Though Los Angeles is the land of big industry, splashy projects, and outsized personalities, the images that lingered the most from a visit last month are the smaller details, more easily overlooked. The city of LA would rank 18th in the world compared against national GDPs (nominal 2013), and to see it from the air from the window of an approaching jetliner is to grasp its scale. But now when you look up close, small-scale mechanisms are becoming more apparent. They help punctuate the city’s disparate parts, suggesting that change will be ushered in through more nuanced and complementary ways.
Reclaimed pedestrian spaces attached to the redesign of major corridors, complete with dedicated bus lanes, make transit choices more legible. LA’s fabled car-oriented arterials are now also the domain of the frequent LA Rapid bus lines, and the increasingly bustling downtown is the province of LA DOT’s DASH service, with a bus rarely more than a few minutes away. And beyond the city limits, operators like the Big Blue Bus in Santa Monica and Long Beach Transit and Foothills Transit are expansionary operators. (TransitCenter staff partook in all of these options during a recent visit, of course.)
In downtown LA, new street design distinguished Broadway Boulevard from Spring Street, its paralleling neighbor. Walking down one street is now indisputably different from walking on the other, erasing memories of blurry expeditions on look-alike streets. Other neighborhoods will also experience this game-changer since Mayor Eric Garcetti will be continuing this work through the Great Streets program.
Parklets have sprouted, offering additional seating and exercycles, planting a sense of place and will contribute to the creation of a formal public space program. But here’s no surprise: these street redesigns and safety improvements have lured people back to a once-desolate downtown, and the sidewalks of one of LA’s core districts are now abundant with pedestrians.
The fact that these small-scale changes have popped up in the public realm and are being woven into the practices of the city indicates a new direction for the region after Measure R, the county-wide ballot measure that raised funding dedicated to transit investments. (The LA region then accelerated that investment so that 30 years worth of transit would be implemented within 10.) That new direction will provide and strengthen connections to transit, known as the first and last mile challenge.
First and last mile issues in a transit trip may be literally and figuratively on the margins of big infrastructure projects. But if the stations on LA’s rapidly expanding transit network are difficult to find and reach, LA’s huge transit investments won’t fulfill their potential. Resolutions to those challenges will augur success or failure.
LA’s transit planning leadership already recognizes this challenge. A good first sign is that LA Metro complemented the forthcoming transit investments with its recently published First and Last Mile Strategic Plan. California is also leading the United States with its climate change-motivated integrated land use and transportation policies. With the passage of AB32, California’s climate change act, and SB375, California’s regional land use and transportation planning mandate, the state has enacted policies that give regional authorities the instruments and muscle to compel a change in development and planning practices and advance the shift to more sustainable urbanism.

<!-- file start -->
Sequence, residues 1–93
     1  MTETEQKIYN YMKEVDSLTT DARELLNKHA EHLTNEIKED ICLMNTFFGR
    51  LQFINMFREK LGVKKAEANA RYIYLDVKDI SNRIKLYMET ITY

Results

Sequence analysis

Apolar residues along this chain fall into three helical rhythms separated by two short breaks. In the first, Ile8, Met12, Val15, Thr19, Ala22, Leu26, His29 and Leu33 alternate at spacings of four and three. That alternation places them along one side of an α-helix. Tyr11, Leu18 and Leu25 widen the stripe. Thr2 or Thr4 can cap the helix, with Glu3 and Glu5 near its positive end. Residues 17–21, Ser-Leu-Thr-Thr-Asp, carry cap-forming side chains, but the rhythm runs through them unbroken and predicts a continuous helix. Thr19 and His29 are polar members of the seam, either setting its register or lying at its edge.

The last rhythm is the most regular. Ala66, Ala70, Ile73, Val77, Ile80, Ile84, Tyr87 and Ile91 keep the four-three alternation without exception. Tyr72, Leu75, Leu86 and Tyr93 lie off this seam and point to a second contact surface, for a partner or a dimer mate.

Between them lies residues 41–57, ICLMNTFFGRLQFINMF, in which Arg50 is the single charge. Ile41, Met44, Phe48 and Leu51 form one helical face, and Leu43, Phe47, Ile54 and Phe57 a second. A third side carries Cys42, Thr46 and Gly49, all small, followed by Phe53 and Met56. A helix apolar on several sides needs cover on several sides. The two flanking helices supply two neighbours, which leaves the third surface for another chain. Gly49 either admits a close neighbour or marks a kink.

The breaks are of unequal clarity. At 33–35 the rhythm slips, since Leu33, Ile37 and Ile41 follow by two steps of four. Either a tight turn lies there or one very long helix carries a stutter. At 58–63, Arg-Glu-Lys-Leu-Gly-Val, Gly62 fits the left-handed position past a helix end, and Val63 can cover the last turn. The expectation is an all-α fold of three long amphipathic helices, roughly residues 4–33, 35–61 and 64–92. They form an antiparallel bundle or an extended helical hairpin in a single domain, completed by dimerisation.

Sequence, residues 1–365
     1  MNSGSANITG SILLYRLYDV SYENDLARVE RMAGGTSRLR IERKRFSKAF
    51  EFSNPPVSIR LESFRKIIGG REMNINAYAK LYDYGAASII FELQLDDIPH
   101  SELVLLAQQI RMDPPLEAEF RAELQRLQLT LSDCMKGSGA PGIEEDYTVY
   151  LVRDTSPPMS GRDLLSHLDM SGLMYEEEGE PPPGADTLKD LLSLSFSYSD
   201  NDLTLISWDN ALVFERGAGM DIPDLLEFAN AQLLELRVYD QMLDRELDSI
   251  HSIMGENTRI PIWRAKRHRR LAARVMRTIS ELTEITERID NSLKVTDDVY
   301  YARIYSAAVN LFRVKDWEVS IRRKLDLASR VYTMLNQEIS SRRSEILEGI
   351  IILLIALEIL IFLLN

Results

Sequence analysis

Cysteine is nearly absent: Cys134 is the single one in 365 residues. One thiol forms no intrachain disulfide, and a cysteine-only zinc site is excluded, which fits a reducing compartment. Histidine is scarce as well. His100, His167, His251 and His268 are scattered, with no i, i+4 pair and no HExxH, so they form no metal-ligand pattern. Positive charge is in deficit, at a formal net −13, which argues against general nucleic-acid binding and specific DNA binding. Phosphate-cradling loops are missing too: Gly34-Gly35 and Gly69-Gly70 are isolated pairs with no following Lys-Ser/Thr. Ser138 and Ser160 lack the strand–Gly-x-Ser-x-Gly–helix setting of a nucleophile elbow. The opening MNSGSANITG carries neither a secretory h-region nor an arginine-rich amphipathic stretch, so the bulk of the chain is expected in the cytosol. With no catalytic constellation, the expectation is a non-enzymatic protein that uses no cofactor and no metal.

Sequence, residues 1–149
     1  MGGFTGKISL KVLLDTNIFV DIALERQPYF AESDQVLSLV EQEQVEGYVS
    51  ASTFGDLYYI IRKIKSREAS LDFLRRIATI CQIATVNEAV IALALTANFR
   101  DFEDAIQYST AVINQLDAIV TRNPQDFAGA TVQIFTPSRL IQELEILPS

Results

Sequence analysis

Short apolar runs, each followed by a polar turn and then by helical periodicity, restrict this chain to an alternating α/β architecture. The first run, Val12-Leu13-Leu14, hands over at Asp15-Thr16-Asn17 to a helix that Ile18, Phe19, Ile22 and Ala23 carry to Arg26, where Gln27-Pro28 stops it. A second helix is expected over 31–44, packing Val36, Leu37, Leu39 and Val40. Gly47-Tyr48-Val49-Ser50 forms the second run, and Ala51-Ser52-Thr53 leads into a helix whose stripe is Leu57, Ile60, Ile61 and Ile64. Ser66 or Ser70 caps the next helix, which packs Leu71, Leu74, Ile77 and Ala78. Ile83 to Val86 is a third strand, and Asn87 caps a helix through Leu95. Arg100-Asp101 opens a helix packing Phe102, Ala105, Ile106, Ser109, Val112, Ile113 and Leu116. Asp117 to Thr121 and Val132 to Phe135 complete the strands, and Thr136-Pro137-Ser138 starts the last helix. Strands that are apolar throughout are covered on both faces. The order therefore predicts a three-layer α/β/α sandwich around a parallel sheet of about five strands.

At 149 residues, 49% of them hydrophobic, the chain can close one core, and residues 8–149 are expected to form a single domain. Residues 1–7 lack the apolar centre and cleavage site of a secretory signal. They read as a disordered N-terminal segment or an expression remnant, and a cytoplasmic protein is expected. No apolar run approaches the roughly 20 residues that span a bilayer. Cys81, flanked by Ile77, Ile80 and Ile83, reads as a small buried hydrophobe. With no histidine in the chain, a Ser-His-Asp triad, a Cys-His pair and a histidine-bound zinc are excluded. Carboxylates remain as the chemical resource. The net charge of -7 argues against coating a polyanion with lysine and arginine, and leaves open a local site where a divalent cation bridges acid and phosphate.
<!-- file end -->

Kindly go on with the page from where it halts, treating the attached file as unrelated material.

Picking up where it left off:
The smaller public space projects and the statewide policy frameworks speak to the region’s potential. By addressing the gap, the region would demonstrate that the City of the Automobile can be re-invented as the City of All Mobility. Member organizations in the Measure R coalition have newfound energy to make good on these leading-edge policies. As they noted themselves, policies are only as good as implementation. That’s why the smaller threads that weave these big projects into a coherent whole will become ever more critical. This is an exciting new phase for LA’s evolution and we’re thrilled to be a part of it, working with a coalition that will make LA’s transit more accessible to more people throughout the city and region.
The experience of being a WMATA rider has substantially improved over the last 18 months, thanks to changes the agency has made like adding off-peak service and simplifying fares. Things are about to get even better with the launch of all-door boarding later this fall, overnight bus service on some lines starting in December, and an ambitious plan to redesign the Metrobus network. But all of this could go away by July 1, 2024.Read More
Transit advocates, organizers, and riders are calling on local and state agencies along with the USDOT to advance projects designed to improve the mobility of Black and Brown individuals at a time when there is unprecedented funding and an equitable framework to transform transportation infrastructure, support the climate, and right historic injustices.Read More